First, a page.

Do you, as an author, need a web site?
Yes, you do. Having your own web site puts you on a level playing field with every other business with a Web site. You have the potential to put your book in front of millions of readers. Every new movie has its own web site with the name of the movie. Advertising is costly; Web sites are inexpensive by comparison. You can buy a domain name that includes your book title and direct traffic to your site where you darknet links will make the most money from each book sale.
Remember, you don’t need a massive web site to sell one book. Four or five pages should do. Make sure it has a page for book purchases (Shopping Cart). Use one page to showcase book details and why you wrote it. A CONTACT US page and an ABOUT US page should be part of your site, all undergirded by a simple, attractive and informative HOME PAGE.
There are some simple web site design rules to follow.
1. It should be easy to read. Use dark fonts and light backgrounds. Black print on a white background works best. Remember, people come to a Website to get information or buy something, not to be impressed with color schemes. A nice color scheme is important, but should make visitors comfortable, not put them into a psychedelic trance.
Reading Web site pages with white (or light) print against a black (or dark) background slows readers down and takes up to 30% longer to read. I personally run from sites like that (and so do most serious surfers). If you use light print on dark backgrounds, do so sparingly. It’s a nice contrast as long as you don’t overdo it.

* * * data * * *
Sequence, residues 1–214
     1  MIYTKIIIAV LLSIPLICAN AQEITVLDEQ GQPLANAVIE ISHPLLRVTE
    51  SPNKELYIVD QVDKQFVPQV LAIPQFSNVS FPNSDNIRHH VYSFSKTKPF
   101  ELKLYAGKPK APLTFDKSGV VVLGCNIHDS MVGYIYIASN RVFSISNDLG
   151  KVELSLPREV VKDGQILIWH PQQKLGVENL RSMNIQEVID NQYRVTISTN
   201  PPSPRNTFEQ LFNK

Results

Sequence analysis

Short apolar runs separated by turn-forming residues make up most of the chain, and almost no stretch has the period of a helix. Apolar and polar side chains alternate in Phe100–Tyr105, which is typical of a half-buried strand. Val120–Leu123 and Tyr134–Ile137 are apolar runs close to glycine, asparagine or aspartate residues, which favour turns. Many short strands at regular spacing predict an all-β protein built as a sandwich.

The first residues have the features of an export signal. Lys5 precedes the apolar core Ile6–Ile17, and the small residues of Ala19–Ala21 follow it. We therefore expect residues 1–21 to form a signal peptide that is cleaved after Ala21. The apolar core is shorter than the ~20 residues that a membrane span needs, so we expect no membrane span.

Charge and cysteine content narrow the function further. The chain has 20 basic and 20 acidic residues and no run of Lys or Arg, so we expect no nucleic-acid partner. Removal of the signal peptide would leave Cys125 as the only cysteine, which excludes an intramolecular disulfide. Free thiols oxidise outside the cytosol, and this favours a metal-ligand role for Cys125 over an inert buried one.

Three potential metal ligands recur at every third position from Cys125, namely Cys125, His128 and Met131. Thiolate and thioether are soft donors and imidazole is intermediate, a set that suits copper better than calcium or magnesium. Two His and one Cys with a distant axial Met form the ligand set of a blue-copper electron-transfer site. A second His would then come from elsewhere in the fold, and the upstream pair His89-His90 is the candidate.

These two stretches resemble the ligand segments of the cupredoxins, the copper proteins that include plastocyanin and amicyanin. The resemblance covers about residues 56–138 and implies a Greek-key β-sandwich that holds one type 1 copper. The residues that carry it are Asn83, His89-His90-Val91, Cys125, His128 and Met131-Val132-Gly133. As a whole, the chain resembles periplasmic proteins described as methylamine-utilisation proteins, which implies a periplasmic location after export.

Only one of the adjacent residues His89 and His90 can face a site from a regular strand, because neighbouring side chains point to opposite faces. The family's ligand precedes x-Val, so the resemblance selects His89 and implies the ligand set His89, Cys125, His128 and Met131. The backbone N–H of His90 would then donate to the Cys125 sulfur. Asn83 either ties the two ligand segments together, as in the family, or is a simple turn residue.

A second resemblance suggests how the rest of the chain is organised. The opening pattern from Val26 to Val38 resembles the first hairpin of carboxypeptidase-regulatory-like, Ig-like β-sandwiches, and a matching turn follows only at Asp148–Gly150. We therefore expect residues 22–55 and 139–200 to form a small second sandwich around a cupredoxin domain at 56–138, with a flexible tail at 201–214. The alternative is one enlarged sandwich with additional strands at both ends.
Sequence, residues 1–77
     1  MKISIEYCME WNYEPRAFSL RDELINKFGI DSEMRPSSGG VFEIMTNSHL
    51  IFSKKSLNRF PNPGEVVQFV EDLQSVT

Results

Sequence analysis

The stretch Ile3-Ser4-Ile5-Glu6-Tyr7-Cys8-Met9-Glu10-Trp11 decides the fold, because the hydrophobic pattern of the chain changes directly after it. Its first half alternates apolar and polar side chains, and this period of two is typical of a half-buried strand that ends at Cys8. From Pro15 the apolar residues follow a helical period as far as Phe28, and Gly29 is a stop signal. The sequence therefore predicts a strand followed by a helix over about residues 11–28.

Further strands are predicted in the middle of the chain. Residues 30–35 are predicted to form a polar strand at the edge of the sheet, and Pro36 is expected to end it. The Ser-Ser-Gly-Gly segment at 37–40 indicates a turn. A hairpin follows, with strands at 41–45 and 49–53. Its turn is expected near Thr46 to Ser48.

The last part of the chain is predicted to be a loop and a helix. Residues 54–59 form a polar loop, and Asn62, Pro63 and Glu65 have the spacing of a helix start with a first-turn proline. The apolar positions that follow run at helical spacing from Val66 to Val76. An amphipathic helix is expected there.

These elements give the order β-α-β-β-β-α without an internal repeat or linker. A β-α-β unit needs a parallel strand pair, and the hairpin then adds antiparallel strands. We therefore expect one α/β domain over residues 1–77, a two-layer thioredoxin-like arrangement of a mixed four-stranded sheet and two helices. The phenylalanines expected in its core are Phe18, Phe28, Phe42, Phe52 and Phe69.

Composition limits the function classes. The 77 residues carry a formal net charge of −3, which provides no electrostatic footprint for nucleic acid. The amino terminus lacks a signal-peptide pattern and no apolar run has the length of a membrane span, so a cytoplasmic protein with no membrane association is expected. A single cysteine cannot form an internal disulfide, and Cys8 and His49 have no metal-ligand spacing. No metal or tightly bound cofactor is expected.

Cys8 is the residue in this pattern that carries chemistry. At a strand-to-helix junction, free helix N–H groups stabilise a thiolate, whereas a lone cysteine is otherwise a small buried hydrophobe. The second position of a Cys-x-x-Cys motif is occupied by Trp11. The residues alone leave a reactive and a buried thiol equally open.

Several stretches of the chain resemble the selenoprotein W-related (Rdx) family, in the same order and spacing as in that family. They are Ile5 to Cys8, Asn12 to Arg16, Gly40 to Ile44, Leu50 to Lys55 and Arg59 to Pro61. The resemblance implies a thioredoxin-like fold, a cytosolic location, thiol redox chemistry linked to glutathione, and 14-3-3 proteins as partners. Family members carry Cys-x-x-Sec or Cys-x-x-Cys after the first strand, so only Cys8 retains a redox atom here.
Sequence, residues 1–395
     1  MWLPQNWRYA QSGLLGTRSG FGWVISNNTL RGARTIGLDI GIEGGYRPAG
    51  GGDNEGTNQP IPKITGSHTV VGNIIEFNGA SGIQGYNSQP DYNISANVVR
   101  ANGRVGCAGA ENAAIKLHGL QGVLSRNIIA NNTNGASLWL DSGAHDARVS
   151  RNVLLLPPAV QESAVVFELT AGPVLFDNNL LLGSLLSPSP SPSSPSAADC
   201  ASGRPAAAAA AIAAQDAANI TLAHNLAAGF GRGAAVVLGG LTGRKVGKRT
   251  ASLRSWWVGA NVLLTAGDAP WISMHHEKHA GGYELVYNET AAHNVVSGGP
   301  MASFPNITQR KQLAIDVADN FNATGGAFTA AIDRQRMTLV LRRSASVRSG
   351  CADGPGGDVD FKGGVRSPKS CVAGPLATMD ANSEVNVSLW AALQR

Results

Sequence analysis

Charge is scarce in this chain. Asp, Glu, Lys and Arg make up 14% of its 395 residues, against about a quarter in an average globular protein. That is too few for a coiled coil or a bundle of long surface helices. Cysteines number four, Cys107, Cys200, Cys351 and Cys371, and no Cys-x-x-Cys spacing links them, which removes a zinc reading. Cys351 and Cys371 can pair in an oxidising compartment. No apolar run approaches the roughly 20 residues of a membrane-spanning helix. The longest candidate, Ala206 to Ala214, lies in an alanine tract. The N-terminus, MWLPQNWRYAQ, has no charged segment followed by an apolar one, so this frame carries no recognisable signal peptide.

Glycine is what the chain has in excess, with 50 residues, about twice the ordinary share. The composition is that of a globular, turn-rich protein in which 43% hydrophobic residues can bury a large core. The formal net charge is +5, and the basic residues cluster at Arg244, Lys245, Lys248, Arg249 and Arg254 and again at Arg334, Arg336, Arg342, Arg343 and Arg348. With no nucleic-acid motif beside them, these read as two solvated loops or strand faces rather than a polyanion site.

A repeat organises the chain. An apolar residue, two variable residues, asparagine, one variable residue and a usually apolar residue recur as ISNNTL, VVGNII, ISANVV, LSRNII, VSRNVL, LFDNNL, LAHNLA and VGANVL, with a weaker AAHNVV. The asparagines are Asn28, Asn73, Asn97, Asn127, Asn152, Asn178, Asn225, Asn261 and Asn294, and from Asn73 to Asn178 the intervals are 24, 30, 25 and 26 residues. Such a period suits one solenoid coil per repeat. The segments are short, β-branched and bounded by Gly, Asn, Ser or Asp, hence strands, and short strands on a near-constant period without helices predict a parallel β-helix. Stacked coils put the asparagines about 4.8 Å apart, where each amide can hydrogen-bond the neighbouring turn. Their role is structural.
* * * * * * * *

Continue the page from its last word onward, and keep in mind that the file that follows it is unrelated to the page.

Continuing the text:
2. It should be easy to navigate. Put a menu on every page and also a separate link to get back to the home page. Don’t use a splash page (a page with no meaningful information on it that simply welcomes visitors to the site, along with an “Enter Site” link). While you are at it, don’t have jumping frogs, blinking lights, pop-ups or flaming words. Okay, sometimes jumping frogs, blinking lights or burning fonts might be useful to get a reader’s attention, but I would use them very, very sparingly. They tend to irritate visitors.
3. Don’t force your visitors to listen to music or video they can’t turn off. Personally, I wouldn’t have any music or audio at all. Streaming video is fine if it is necessary for informational instruction or live sessions visitors come intentionally to view. Music or video I can’t turn off drives me up a wall. Keep it simple and quiet! Web designers think things like flash pages, moving animation and cute sounds are cool; Web surfers don’t.
4. Tell your visitors quickly and simply what your site is about. You have less than three seconds to get their attention. Surfers are skimmers. They won’t read every word; they will look for bullet points. Give them what they want. If they can’t find what they are looking for quickly and easily, they won’t stay. Again, you have less than three seconds to get their attention. Give them a clean, simple home page that tells them what your site is about. Put your contact information at the top or (preferably) at the bottom of every page. A visitor may want to call or email you on impulse if a particular page on your site clicks with them.